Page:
From Leiden University:
Assyrians were more ‘homely’ than we thought
20 October 2016
Archaeologist Victor Klinkenberg examined an old Assyrian settlement in Syria, near to the IS [ISIS] stronghold Raqqa. ‘Social life was more important than military life.’ PhD defence 27 October.
The Assyrian Empire (ca. 2000 to 609 BC) was highly successful. At its height, it stretched from Turkey to Egypt and the Persian Gulf. Historians have wondered for a long time how the Assyrians were able to maintain power over such a huge region.
Research by PhD candidate Victor Klinkenberg has now provided an answer to part of this question. He has shown that Assyrian dominance was by no means always secured by using violence and brute force. Klinkenberg drew this conclusion after studying the settlement at Tell Sabi Abyad in present-day northern Syria. ‘This village was inhabited around 1200 BC,’ Klinkenberg explained. ‘The Assyrians founded the settlement when they conquered the region, so you’d expect it to be mainly a military outpost, ruled from above. But that doesn’t seem to be the case.’
Kinkenberg found that the rooms and houses of Tell Sabi Abyad had many different functions, and that they changed frequently. At one time it was a café where visitors drank beer, and at another time it was a rubbish tip. Klinkenberg: ‘All this shows that social life played a much greater role than military life. Apparently, positive stimuli and local stability were important factors in the Assyrians’ imperial activities.’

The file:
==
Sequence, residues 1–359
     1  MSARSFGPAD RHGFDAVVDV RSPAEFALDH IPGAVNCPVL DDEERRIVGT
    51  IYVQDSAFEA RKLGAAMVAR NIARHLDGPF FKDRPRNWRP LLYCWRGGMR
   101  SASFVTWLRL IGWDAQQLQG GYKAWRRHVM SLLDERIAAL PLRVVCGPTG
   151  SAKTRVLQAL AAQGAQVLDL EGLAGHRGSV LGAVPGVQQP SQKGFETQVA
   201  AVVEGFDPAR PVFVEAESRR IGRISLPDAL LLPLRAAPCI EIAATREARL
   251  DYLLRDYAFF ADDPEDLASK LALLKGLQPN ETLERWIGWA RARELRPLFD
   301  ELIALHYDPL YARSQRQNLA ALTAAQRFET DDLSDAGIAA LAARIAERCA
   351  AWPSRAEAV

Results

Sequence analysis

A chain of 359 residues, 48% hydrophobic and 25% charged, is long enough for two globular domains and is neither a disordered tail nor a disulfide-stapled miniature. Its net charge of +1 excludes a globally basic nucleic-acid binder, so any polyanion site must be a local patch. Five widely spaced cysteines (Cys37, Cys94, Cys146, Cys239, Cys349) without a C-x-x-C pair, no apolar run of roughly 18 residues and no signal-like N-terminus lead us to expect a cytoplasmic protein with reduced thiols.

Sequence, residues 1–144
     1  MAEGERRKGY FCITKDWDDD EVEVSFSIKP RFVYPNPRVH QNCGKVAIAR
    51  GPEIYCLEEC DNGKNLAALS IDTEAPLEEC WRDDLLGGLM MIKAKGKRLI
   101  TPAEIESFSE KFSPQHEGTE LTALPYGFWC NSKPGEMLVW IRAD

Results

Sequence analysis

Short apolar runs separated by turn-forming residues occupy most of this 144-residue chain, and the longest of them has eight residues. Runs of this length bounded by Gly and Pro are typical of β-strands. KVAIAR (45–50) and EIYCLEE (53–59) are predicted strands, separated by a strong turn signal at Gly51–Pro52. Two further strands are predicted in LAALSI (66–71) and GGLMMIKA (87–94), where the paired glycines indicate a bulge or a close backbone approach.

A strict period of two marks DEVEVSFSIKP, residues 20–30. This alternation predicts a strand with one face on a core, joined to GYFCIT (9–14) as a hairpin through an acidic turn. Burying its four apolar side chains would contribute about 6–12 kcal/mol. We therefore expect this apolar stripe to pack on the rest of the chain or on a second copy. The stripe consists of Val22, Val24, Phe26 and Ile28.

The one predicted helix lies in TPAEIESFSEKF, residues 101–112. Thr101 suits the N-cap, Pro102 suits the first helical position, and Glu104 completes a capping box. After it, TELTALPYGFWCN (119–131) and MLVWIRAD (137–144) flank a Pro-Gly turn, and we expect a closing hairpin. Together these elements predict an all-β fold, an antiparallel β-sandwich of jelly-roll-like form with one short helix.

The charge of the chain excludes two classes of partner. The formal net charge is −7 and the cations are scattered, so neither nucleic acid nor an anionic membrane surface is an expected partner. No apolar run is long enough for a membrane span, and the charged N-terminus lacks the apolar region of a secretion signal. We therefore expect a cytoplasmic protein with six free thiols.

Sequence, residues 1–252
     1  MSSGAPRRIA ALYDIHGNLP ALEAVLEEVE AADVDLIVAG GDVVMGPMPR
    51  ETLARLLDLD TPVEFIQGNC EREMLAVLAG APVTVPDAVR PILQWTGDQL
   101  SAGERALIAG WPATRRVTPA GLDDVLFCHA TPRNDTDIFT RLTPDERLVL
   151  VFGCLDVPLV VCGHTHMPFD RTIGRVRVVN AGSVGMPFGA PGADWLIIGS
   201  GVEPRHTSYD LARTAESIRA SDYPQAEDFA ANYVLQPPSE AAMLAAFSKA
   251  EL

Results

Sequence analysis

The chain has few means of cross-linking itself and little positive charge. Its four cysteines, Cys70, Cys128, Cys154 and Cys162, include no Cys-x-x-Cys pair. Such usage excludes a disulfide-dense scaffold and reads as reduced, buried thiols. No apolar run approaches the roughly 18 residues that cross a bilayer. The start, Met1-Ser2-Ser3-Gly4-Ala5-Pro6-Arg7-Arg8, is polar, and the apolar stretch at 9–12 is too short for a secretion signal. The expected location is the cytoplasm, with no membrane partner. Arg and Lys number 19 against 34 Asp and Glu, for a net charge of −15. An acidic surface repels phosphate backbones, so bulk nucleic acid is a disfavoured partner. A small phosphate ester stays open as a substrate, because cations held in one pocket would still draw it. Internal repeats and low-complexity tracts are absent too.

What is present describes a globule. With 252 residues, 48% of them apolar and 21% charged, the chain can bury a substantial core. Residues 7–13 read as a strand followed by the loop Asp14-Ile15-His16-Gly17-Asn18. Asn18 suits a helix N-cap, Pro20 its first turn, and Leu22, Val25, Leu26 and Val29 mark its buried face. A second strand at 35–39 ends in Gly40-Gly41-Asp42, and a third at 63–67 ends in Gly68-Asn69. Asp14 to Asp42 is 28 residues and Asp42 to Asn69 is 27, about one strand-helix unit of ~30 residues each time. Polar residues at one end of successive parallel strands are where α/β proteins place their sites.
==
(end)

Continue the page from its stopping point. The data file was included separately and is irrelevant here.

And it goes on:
Klinkenberg’s research is part of a larger project headed by lecturer Bleda Düring, financed with a subsidy from the European Research Council (ERC). In recent years, the work of the Leiden researchers has been severely hindered by the rise of the Islamic State [ISIS] terror movement. Tell Sabi Abyad is around 80 km from Raqqa, the capital of the IS [ISIS]caliphate.
It was impossible for Klinkenberg to travel to the settlement. ‘In the past five years, nobody from our team has visited the excavations,’ he explained. ‘We did hear recently that a lot of archaeological finds have been destroyed or stolen. That’s such a waste, particularly as most of the remnants have no financial value. They’re worth absolutely nothing on the black market, but their value to science is enormous.’
Fortunately, all the earlier excavations at Tell Sabi Abyad have been carefully documented. ‘The project has been running for 35 years. The ground area is photographed every season; the location of the finds is mapped and buildings and rooms are measured. These measures meant that I could do my research at a distance.’ Like every other archaeologist, Klinkenberg would have preferred to visit the site in person. ‘But that’s a minor inconvenience compared to the suffering of the Syrian people.’
University of Tübingen archaeologists headed by Professor Peter Pfälzner have made sensational finds in the Kurdistan region of northern Iraq. The researchers from the Institute for Ancient Near Eastern Studies found a cuneiform archive of 93 clay tablets dating from 1250 BCE — the period of the Middle Assyrian Empire. What the tablets record remains a mystery for the time being. The researchers will have to decipher them — a long and difficult task: here.
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